Little learners will soon master their colours with this new title.
By the second half of the twentieth century, a new branch of materials science had come into being - crystalline materials research. Its appearance is linked to the emergence of advanced technologies primarily based on single crystals (bulk crystals and films). At the turn of the last century, the impending onset of the "ceramic era" was forecasted. It was believed that ceramics would play a role comparable to that of the Stone or Bronze Ages in the history of civilization. Naturally, such an assumption was hypothetical, but it showed that ceramic materials had evoked keen interest among researchers. Although sapphire traditionally has been considered a gem, it has developed into a material typical of the "ceramic era." Widening the field of sapphire application necessitated essential improvement of its homogeneity and working characteristics and extension of the range of sapphire products, especially those with stipulated properties including a preset structural defect distribution. In the early 1980s, successful attainment of crystals with predetermined char- teristics was attributed to proper choice of the growth method. At present, in view of the fact that the requirements for crystalline products have become more str- gent, such an approach tends to be insufficient. It is clear that one must take into account the physical-chemical processes that take place during the formation of the real crystal structure, i.e., the growth mechanisms and the nature and causes of crystal imperfections.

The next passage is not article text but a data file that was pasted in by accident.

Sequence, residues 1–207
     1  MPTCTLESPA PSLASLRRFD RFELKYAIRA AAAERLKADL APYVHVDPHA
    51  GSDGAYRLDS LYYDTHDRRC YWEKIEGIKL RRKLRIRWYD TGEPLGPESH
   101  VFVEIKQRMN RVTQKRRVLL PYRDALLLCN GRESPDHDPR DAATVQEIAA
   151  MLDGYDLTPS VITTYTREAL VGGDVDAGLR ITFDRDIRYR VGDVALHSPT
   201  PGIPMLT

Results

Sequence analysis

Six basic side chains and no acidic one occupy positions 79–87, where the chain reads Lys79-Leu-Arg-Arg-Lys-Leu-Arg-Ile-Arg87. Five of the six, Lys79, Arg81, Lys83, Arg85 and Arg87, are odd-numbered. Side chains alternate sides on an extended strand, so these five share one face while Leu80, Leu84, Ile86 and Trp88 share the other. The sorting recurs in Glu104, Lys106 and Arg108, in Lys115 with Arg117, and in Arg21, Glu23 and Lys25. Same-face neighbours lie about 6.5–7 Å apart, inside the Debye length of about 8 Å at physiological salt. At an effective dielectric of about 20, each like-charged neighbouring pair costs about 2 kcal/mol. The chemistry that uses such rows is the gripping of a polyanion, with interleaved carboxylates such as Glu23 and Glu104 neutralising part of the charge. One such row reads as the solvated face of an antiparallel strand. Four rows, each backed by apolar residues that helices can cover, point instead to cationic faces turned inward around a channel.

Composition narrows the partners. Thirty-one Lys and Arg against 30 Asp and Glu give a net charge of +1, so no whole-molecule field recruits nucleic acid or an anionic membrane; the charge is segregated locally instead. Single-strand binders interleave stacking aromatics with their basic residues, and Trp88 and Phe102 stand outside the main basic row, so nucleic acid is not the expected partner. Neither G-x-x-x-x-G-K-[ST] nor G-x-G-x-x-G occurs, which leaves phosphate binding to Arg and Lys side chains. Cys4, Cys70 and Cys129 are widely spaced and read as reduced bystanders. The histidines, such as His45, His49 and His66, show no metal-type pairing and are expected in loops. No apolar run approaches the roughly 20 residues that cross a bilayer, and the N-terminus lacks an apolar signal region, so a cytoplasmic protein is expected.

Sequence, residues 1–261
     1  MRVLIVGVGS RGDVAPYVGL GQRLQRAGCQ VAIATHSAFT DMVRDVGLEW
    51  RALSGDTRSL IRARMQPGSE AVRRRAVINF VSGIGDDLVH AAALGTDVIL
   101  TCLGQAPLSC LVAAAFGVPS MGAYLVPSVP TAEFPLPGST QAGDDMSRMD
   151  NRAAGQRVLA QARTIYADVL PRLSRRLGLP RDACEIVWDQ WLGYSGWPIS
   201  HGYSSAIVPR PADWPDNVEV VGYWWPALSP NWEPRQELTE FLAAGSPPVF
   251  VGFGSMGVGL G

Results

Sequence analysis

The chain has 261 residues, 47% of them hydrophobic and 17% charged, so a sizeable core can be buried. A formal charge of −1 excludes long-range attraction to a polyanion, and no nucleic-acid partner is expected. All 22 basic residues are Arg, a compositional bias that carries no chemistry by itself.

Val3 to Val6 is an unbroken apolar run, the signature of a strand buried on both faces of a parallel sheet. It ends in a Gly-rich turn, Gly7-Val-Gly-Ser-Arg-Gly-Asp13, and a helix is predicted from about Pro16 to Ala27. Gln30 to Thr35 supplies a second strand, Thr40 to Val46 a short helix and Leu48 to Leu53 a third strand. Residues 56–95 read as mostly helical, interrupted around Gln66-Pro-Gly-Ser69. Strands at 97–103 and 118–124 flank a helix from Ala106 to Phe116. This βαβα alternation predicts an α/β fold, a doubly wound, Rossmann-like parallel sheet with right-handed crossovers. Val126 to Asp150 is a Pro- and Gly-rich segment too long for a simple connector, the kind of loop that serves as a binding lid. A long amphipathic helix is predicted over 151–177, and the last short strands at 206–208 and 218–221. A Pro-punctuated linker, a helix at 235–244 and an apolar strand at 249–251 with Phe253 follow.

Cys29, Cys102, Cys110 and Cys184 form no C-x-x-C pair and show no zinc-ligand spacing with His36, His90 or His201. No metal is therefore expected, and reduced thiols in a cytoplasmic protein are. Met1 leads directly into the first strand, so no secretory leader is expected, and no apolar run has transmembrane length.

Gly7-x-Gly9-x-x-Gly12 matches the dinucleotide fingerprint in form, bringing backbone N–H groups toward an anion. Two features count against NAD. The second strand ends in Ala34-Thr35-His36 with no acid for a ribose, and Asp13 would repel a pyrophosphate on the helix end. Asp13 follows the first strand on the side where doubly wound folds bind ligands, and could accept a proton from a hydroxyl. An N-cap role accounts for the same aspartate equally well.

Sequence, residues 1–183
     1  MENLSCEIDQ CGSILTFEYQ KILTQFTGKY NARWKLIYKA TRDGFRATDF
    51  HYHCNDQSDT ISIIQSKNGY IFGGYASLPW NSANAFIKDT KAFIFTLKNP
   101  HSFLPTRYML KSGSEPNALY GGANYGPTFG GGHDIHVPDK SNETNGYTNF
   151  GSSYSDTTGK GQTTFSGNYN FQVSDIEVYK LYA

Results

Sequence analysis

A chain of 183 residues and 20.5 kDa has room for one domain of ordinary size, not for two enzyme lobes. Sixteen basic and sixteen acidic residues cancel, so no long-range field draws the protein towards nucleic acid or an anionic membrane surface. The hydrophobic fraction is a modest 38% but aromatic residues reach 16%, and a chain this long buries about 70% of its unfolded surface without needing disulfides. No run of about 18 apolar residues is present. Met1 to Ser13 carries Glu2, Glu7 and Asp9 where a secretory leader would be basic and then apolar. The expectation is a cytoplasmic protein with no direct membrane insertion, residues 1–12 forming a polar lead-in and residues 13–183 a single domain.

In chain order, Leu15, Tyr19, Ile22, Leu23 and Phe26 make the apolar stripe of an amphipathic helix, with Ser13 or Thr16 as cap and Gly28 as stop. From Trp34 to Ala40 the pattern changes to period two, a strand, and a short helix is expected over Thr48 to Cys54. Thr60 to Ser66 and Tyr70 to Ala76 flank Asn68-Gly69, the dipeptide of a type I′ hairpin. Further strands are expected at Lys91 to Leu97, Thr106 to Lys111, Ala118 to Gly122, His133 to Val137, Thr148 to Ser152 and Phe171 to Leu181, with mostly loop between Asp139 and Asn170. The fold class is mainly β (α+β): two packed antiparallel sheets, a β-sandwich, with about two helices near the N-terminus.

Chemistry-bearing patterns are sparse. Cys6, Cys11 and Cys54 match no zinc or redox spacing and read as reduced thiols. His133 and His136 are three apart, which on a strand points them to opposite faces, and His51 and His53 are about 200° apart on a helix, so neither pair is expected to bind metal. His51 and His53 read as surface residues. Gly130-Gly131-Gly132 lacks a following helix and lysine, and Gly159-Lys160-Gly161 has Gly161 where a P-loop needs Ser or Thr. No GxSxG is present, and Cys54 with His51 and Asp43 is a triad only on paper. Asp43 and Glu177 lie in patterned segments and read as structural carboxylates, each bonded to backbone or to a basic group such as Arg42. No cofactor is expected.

"Gilly Freeborn is possibly the most screamingly funny teenage character ever written." Will Davis, Guardian
At last this much-loved novel is back in print!
Tormented teenagers always make for a good read, but Claire Robertson has created in Gilly Freeborn, the heroine of the laugh-out-loud Letters of a Love Struck Teenager, one of the most hilariously tormented of them all. As Gilly writes to Alexa Deerheart, Agony Aunt of "The Bizz" magazine, her delightfully traumatic life is laid bare. The terror of having no breasts, the first tinglings (literally!) of love, and the trials and tribulations of relationships with family and friends make her life and absolute teenage hell. And as for spots--read it and weep!
Letters of a Love Struck Teenager is pure joy and Gilly Freeborn instantly translates as a female Adrian Mole, trapped in a body that is intent on defying her. Raw and passionate, decidedly naughty in places and crammed full of delightful bitchiness, this is a book to die for and certainly one that the grown-ups will enjoy too as they relive the pain of those hideously confusing teenage years. (Age 11 and up) --Susan Harrison